Advertisers have known for a long time that if you want to make something sound delicious, just add adjectives. The adjectives don’t even have to make sense. String them on in sequence, and the subject becomes desirable.
A quick example: oatmeal.
Oatmeal is okay, but it’s about as bland a thing as you can eat. Right?
Let’s make it more interesting. Let’s just add one word. The word doesn’t even say anything about the flavor. It’s just a brand: Quaker oatmeal.
It might not be delicious yet, but it’s suddenly more interesting. Just making it specific has conjured up a particular bowl of oatmeal, perhaps with an image of a man in a tricorn cap. Maybe you have fond memories of eating that particular oatmeal. Maybe you just remember the commercials. But I bet if choice one was oatmeal, and choice two was Quaker oatmeal, most people would go for the more specific choice.
But let’s take this to eleven. Let me throw some extra descriptors into the mix and see if I can change your next meal plans: Rich, steel-cut, buttered, cinnamon and brown-sugar oatmeal, still hot and steaming.
Now we’re talking, right? Maybe you don’t normally like oatmeal, but the specifics paint an image that would at the very least get you to try a spoonful.
Of course, words do what you want them to do. You can make something delicious or disgusting with word choices. But those descriptive words are additive. You can keep piling on the spice by adding more words to the soup.
What you sacrifice in a story by indulging in this level of specificity is immediacy. When you stop to taste the world more deeply, you slow the story down. That’s not necessarily a bad thing, though. In fact, alternating between high-octane adventure and Tolkienesque dives into detail can keep the reader going. You want their heart to race, but you also want them to have a chance to slow down and breathe.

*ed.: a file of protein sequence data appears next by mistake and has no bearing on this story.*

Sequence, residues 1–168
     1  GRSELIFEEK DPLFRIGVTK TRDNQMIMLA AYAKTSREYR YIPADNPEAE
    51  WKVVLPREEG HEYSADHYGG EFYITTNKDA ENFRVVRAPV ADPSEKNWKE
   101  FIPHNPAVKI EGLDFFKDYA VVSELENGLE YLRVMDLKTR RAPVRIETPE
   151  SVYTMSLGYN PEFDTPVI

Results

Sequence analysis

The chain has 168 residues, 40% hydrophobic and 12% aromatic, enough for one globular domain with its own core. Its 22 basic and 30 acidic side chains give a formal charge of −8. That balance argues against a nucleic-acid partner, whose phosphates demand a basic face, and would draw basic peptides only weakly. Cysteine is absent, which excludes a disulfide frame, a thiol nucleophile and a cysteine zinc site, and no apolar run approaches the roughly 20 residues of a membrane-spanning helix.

It can also be a very effective way of tightening the strings of suspense. Adding just that much more detail before a reveal and a release draws the moment out. The girl being hunted in the night. Her breath steaming to mist. Her hands shaking. The slow, shuffling drag of her feet through the grass, because she’s so tired from running. The warm light of safety just a few more feet away. If she can just go just a little further. If she can just…
You can stretch a moment out like that for a long time through adding more and more description. But don’t go too far because this is a point where the reader is holding their breath. Make them hold it good and long, but don’t try to make them pass out. If they release that held breath too soon, they’re likely to get bored and fall out of the moment.
Adjectives are delicious. They come at a cost, but when they’re used right, the cost is cheap and the payoff is huge. They can be used to make a part of your story more vivid, while at the same time, alter the flow of the story, controlling the pace.
One last example of descriptors done right is Chuck Wendig’s #HeirloomApples tweets. Every day or so, he tweets about two or three heirloom apples, and it is amazing. Click on the following, and read through the child tweets. They’re good enough to make a guy forget he had a tummy ache.
— Chuck Wendig (@ChuckWendig) October 25, 2017